Re: [xsl] exercise in complex grouping

Subject: Re: [xsl] exercise in complex grouping
From: "Geert Bormans geert@xxxxxxxxxxxxxxxxxxx" <xsl-list-service@xxxxxxxxxxxxxxxxxxxxxx>
Date: Tue, 12 May 2020 10:40:08 -0000
Hi Syd,

This might not be appealing if you are looking for beautiful code...
I would make a two-pass
1st pass: group-starting-with B and make the C group when you find the matching A in the same group (could do that with a group-ending-with matching A on the current() group)
2nd pass: group-ending-with B and roughly do the opposite of the above
Or am I stating the obvious?

In a single pass you can group-starting-with the A that have a following-sibling matching B AND on B having a following-sibling matching A
maybe find the matching through a key in a function to not end up with a very costly behaviour finding the matching nodes
Not sure it is worth the cost just to avoid two passes

Maybe you can throw us an example file so we can test this

Met vriendelijke groeten, 
Best regards, 

Geert Bormans

----- Oorspronkelijk bericht -----
Van: "Abel Braaksma, (Exselt) abel@xxxxxxxxxx" <xsl-list-service@xxxxxxxxxxxxxxxxxxxxxx>
Aan: "xsl-list" <xsl-list@xxxxxxxxxxxxxxxxxxxxxx>
Verzonden: Dinsdag 12 mei 2020 11:33:54
Onderwerp: [xsl] exercise in complex grouping

I have a moderately sizable TEI file (~31,000 text nodes with ~100,400
"words" or ~688,000 characters; ~20,000 elements, ~15,000 attributes).
Somewhere in all that mess there are a few pairs of elements for which
I need some special processing.

Say each pair is an <A> and a <B>. I can find each <B> by XPath quite
trivially. In addition, for every pair, <B> has a @target that points
to the corresponding <A> via a bare name identifier URL. Furthermore,
every <B> in the document is part of such a pair. (Which is why it is
so trivial to find them via XPath. The same can not be said for <A>:
there are *lots* of <A> elements that are not part of an <A>-<B>
pair; but none, of course, that bear that particular @xml:id, so they
can be found by XPath. It's just easy, not trivial. :-)

In general, there can be other nodes between <A> and <B>, and there
will be cases in which <B> precedes rather than follows the <A> it
points to. E.g.,

   blah blah blah
   <d><e>blah</e> blah
   <B target="#A1">blort</B>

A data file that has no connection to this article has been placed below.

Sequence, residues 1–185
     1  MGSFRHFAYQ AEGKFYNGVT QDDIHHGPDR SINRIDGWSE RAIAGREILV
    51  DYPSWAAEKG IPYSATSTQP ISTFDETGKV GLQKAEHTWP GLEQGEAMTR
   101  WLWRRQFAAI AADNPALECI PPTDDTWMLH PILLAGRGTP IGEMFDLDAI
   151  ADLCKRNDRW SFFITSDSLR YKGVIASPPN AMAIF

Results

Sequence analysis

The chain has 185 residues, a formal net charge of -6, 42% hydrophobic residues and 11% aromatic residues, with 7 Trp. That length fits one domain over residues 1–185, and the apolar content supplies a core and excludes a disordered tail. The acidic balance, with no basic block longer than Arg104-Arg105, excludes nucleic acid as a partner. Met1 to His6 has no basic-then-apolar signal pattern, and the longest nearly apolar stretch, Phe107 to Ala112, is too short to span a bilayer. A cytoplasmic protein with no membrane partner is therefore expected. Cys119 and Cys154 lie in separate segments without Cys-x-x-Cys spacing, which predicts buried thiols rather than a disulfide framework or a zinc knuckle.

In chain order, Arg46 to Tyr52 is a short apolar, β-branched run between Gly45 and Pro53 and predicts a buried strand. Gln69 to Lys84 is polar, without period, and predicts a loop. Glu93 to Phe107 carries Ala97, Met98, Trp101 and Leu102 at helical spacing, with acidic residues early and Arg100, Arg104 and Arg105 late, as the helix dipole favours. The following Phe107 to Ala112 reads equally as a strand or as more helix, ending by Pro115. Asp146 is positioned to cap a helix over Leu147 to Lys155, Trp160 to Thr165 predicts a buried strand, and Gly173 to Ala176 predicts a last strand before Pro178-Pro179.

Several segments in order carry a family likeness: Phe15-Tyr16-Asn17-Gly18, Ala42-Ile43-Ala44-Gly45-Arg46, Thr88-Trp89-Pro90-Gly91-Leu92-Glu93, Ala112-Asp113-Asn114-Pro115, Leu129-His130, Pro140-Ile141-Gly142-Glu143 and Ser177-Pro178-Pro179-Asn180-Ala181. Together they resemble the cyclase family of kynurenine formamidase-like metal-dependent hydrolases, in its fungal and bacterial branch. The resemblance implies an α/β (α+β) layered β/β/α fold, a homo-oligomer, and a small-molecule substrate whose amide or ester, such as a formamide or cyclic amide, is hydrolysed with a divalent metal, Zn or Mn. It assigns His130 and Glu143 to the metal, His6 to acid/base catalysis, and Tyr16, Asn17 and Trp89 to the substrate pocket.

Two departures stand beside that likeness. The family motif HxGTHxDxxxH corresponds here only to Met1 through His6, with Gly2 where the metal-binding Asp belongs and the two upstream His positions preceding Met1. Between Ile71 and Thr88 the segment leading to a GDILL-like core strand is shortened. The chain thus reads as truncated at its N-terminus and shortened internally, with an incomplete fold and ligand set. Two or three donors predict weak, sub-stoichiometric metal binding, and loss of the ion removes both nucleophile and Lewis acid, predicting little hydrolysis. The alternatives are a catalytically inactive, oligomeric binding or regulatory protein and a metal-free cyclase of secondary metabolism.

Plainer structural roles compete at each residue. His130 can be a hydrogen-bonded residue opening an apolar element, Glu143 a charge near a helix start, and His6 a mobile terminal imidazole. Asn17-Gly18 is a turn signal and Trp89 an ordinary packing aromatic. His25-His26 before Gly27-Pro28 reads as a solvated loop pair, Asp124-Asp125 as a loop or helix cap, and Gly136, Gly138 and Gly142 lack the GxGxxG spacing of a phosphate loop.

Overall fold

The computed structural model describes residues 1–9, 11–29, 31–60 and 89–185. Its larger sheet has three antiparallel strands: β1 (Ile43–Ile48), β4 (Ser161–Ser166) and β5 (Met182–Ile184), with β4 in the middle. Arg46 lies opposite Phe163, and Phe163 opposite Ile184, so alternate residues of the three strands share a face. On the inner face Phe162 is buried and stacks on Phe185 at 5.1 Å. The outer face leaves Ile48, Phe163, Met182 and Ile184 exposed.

<f>monkey</f> shines
   <A xml:id="A1">snort</A>

I want to be able to handle these cases, too.

For the foreseeable future, there will never be another <B> in between
a <B> and the <A> it points to, and each <B> will be a child of the
same element as the <A> it points to. (I.e., no overlap problems.) But
as soon as I say these complications will never happen, the very next
day the editors will gleeful send e-mail saying they have found such a
case. But for now, if needed, I'm willing to write code that presumes
it won't happen.

What I want for output is to be able to wrap the <B> with the <A> it
points to, *and everything in between* in a <C>.

   blah blah blah
   <d><e>blah</e> blah
   <C xml:id="A1Container">
     <B target="#A1">blort</B>
     <f>monkey</f> shines
     <A xml:id="A1">snort</A>
I am 90% confident I can write some messy XSLT 1.0 Muenchian grouping
code that does this. (Although I suspect it would take two passes,
one for <A> precedes <B>, another for <B> precedes <A>; but I don't
care about two passes at all, and would not even care if it took N
passes.[1]) But I am equally confident there is a much better
<xsl:for-each-group> method that, at the moment, I simply can't wrap
my head around.

Thanks for any thoughts, pointers, code, or advice.

[1] Where N is proportional to the number <A>-<B> pairs.

 Syd Bauman, NRP  (he/him/his)
 Senior XML Programmer/Analyst
 Northeastern University Women Writers Project
 s.bauman@xxxxxxxxxxxxxxxx or

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